Energy Efficiency for Commercial Properties
The Government have recently announced the proposal that any Commercial property starting a new tenancy will require an EPC rating of B or above. The idea is that this will be implemented in two stages lasting until 1st April 2030 to try and achieve net zero emissions by 2050.
Energy Performance Certificates (EPCs) are carried out by registered energy assessors to assess a property’s energy efficiency. They consider such things as insulation, walls, solar panels and the working of your boiler and heating system. Once they have gathered this information they will give your property a rating from A to G, A being the most efficient and G being the least. EPCs last 10 years and are obligatory when letting out a property.
From April 1st 2023, all non-domestic private rented property must have an EPC rating of E or above. The new minimum EPC requirement will therefore apply to any existing leases, not just new ones. This means it will be unlawful for a landlord to continue to let a commercial property with an EPC rating of less than E. The penalty for an EPC rating of below E is based on the rateable value of the property and will be between £10,000 and £150,000 per breach with details of the breach are authorised to be published.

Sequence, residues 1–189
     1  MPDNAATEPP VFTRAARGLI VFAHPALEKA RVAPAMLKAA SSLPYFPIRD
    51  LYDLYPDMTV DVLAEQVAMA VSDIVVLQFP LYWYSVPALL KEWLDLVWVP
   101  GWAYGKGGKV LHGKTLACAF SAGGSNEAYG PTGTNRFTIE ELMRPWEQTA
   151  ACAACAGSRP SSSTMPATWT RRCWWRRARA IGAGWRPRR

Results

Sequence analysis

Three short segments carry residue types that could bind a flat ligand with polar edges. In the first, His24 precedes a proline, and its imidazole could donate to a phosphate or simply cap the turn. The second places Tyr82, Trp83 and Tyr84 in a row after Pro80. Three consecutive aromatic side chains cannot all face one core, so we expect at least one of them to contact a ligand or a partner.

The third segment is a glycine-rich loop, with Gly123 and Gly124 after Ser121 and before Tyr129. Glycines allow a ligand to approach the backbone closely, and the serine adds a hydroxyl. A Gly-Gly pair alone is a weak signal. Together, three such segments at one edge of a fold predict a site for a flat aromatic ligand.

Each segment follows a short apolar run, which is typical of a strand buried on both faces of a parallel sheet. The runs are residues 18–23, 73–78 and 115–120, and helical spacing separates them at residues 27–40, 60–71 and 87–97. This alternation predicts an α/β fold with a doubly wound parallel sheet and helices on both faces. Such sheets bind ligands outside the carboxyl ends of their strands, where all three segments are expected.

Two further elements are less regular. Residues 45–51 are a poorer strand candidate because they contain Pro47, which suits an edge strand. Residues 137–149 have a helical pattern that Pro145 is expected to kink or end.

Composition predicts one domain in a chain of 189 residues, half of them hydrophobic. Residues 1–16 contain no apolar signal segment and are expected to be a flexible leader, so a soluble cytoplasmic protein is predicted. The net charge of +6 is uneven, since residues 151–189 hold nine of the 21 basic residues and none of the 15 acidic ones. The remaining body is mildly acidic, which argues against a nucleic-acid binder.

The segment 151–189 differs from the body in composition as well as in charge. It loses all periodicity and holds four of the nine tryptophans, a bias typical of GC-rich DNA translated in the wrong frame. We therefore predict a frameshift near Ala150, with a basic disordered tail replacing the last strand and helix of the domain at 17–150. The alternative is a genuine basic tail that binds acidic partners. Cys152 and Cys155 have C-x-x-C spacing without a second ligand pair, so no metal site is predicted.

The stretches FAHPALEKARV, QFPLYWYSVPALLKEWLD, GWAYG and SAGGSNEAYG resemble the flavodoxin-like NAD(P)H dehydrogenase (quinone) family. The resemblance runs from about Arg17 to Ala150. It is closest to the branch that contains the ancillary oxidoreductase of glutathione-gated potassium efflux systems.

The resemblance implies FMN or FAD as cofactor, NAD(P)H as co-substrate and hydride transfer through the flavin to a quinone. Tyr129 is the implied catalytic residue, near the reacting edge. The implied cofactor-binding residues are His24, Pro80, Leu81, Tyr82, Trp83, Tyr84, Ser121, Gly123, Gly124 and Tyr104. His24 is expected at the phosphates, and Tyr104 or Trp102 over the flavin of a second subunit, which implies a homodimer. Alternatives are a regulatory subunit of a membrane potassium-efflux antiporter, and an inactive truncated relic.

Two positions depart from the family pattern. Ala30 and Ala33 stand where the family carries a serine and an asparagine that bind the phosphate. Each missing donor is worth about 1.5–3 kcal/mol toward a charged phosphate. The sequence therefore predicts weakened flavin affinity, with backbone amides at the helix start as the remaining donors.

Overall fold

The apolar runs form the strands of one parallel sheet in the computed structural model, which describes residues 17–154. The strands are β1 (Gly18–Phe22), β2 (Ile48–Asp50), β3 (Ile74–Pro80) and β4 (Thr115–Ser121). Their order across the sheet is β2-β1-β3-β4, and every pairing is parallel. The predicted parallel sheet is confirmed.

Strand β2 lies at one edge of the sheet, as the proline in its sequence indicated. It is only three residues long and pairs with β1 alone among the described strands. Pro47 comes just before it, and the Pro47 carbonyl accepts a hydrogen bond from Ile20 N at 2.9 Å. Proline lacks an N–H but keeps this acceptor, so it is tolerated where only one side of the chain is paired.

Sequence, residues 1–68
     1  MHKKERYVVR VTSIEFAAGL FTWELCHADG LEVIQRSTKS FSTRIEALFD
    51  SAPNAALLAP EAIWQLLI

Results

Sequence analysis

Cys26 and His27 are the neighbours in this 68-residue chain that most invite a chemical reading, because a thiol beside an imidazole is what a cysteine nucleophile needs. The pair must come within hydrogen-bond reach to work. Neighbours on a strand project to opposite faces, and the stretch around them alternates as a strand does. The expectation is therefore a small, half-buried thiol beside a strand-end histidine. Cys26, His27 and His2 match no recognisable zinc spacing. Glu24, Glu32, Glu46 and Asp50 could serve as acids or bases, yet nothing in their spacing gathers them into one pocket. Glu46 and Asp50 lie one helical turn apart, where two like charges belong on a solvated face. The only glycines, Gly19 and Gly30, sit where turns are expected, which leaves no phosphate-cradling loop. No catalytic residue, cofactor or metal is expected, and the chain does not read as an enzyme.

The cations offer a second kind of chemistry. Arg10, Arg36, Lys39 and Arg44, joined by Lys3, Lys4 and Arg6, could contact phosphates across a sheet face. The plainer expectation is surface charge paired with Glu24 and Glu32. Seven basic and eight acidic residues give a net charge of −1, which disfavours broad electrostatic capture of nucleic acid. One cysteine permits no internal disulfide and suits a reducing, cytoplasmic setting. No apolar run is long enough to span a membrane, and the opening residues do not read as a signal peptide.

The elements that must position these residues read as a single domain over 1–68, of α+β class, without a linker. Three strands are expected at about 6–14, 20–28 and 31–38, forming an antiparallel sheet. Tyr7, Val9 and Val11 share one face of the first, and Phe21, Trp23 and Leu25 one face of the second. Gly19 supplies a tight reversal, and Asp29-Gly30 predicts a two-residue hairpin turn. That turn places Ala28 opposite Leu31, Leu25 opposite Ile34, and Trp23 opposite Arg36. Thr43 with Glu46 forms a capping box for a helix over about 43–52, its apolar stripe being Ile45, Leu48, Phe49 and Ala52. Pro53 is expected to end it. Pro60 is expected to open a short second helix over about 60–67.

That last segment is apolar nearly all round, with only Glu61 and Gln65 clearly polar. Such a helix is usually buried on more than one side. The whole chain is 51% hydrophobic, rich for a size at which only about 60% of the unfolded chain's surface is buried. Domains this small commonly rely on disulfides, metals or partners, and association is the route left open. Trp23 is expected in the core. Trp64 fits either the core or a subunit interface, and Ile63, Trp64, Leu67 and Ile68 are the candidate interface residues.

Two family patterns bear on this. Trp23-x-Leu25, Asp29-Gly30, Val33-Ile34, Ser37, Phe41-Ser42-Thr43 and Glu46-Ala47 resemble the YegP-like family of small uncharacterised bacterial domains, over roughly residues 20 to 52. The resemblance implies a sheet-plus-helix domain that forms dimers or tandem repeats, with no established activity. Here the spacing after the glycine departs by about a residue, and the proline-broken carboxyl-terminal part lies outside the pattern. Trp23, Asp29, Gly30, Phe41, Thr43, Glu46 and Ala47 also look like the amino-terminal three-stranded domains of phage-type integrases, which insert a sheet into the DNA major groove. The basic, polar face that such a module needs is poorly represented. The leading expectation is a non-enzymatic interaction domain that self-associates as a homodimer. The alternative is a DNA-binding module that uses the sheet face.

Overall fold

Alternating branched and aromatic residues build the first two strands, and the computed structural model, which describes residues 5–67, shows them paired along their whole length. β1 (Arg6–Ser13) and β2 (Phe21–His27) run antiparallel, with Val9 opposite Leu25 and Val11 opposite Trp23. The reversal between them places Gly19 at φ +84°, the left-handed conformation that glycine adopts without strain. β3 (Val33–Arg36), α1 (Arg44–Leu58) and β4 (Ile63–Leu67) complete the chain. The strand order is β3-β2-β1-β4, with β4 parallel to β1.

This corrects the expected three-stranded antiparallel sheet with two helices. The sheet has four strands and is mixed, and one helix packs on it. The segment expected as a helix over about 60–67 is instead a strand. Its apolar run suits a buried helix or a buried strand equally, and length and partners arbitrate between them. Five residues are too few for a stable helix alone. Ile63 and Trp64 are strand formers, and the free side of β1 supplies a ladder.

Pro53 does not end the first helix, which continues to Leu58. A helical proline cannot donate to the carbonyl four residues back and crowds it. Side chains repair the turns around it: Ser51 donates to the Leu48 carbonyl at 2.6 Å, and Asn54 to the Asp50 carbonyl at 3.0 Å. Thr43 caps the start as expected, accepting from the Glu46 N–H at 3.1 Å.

The government are looking to then introduce two-year compliance windows for the next stages which will include dates that landlords are required to present a valid EPC and end with an enforcement date for each new EPC rating. For EPC C the Government proposes the compliance window should be 2025-2027, and for EPC B 2028-2030.
The first stage is expected to begin in April 2025 with landlords required to submit their new valid EPC rating. The Landlord must have a rating of C or above for the EPC to be compliant, but if not, the Landlord will be required to undertake any necessary works to bring the property up to a rating of C or above. A deadline of 1st April 2027 to complete these works and submit a valid EPC has been proposed.
The second stage implements a requirement of a valid EPC of B or above by 1st April 2028. However, if the landlord’s EPC is not up to a B, they have until 1st April 2030 to undertake the necessary works and submit a valid EPC.
Landlords should be checking the EPC ratings of their commercial properties and looking to future-proof them for the introduction of the new regulations as well as looking at what potential works need to be undertaken to improve the energy efficiency.
If you would like further information please contact our Commercial Property Department.